“For many foodies in contemporary America, of course, the past has no pitfalls. For them, yesteryear is a land where everyone grew up instinctively knowing the difference between ‘real’ and ‘fake’ food—wisdom we seem to have lost. Recently this attitude has crystallized in a popular axiom echoed from the pages of Pollan’s FOOD RULES to the set of OPRAH: If your great-grandmother wouldn’t recognize it as food, don’t eat it.
“It’s a simple, homey rule with immediate nostalgic appeal. I can even look past its questionable cultural assumptions. (My great-grandmother wouldn’t have recognized many of my favorite Ethiopian, Thai, and Mexican dishes as human food.) But, as I dug into the history of battles over bread, I realized that this whole nostalgic perspective had a bigger problem: What if Great-Grandmother was just as conflicted about food as we are?”
Aaron Bobrow-Strain, “What Would Great-Grandma Eat?”
Yes, they probably were talking about dicks, but I thought it was pretty easy to read an implict comment about weight and body size here. As the BRIDESMAIDS cast shorts awards bit started, the camera was catching the whole group from a high angle to the side of the stage. When Wiig started in with her “they say size doesn’t matter” intro, the camera was on the group, and McCarthy was still in the shot, close to the camera. I was confused at first, I thought, “Are they really doing this?”, until Rudolph went on about length, but then Wiig went on to talk about “heft”, and things got a little more ambivalent again. Anyway, I like to think that the BRIDESMAIDS group was giving a wink to body size; if not, I’ll still take it.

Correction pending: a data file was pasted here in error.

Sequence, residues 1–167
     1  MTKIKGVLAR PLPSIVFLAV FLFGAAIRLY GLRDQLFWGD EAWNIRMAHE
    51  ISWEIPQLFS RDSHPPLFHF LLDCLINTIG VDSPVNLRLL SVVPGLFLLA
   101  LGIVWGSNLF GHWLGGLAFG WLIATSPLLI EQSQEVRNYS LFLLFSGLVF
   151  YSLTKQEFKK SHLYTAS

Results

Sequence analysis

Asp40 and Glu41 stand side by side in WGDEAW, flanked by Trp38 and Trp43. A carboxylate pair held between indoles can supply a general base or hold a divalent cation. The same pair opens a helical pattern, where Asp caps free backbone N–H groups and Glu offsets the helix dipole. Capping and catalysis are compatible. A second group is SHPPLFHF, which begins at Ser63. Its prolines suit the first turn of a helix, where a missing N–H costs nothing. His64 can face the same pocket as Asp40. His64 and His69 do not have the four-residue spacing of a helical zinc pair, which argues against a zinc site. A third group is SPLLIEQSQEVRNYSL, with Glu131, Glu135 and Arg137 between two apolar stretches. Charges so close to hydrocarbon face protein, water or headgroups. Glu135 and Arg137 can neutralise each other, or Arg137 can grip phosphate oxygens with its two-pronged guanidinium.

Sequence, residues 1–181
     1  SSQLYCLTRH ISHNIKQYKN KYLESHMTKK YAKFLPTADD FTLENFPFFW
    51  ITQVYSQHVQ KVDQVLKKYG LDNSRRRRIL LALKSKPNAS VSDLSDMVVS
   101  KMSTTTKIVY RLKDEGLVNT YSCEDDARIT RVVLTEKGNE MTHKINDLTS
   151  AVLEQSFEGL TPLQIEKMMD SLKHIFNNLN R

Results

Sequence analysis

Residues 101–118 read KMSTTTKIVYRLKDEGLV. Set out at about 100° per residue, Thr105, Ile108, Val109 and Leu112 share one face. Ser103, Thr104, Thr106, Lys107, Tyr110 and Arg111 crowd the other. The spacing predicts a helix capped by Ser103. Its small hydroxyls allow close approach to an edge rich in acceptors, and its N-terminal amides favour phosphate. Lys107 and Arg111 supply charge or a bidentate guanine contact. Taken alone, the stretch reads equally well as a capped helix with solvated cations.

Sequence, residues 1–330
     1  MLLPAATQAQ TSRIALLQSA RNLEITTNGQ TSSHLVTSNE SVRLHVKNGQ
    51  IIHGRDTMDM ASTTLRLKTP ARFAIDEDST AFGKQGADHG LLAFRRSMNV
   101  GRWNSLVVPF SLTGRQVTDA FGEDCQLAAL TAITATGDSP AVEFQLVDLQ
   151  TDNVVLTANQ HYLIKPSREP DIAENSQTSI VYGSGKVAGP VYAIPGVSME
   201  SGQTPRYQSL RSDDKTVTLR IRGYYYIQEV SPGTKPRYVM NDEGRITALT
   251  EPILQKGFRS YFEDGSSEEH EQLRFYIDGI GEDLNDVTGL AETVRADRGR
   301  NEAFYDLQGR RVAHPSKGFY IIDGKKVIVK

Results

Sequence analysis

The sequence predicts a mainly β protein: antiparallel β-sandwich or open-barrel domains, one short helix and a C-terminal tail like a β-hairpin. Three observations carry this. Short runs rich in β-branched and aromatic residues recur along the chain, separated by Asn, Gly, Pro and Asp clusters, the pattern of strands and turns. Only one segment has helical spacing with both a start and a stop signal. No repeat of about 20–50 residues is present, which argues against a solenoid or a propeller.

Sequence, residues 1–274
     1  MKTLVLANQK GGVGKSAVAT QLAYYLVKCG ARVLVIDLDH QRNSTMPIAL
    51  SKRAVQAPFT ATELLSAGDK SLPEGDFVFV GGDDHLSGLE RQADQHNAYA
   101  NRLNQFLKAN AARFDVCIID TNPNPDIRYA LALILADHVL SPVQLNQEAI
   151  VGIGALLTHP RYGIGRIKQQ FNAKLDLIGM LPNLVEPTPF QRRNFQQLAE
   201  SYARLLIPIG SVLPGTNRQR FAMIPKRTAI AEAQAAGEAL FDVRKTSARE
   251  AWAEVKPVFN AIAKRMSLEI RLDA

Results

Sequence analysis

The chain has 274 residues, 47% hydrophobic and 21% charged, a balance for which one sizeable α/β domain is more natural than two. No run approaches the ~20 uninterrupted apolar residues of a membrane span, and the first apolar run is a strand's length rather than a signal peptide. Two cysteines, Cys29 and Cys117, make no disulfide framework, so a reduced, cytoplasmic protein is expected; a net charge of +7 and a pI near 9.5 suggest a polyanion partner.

This is the kind of work that first made me fall in love with Cultural Studies. An Etsy post pointed me to the PBS stream. This would make such a fantastic fiction feature. I’m picturing Julianne Moore as Brownie Wise. Maybe Joan Allen? If you’re interested in more info, Elayne Rapping also has an essay on “Tupperware and Women” in her collection MEDIA-TIONS: FORAYS INTO THE CULTURE AND GENDER WARS.
This COLBERT REPORT “Wheat Thins Sponsortunity” segment would be a great example to pair with Roland Barthes’ “The Rhetoric of the Image”.
Current trailer for Byron Hurt’s upcoming doc SOUL FOOD JUNKIES, to air on PBS’ Independent Lens series 2012-2013
It’s not from Grimes’ new album Visions, but it’s hard not to keep it on repeat.
I have two observations. First, it might be the GLEE dress style, but note how the BRIDESMAIDS subjects have firmer bodily margins than their high-school age counterparts. Secondly and relatedly, the comparison between Amber Riley and Melissa McCarthy makes McCarthy’s photoshopping that much more obvious.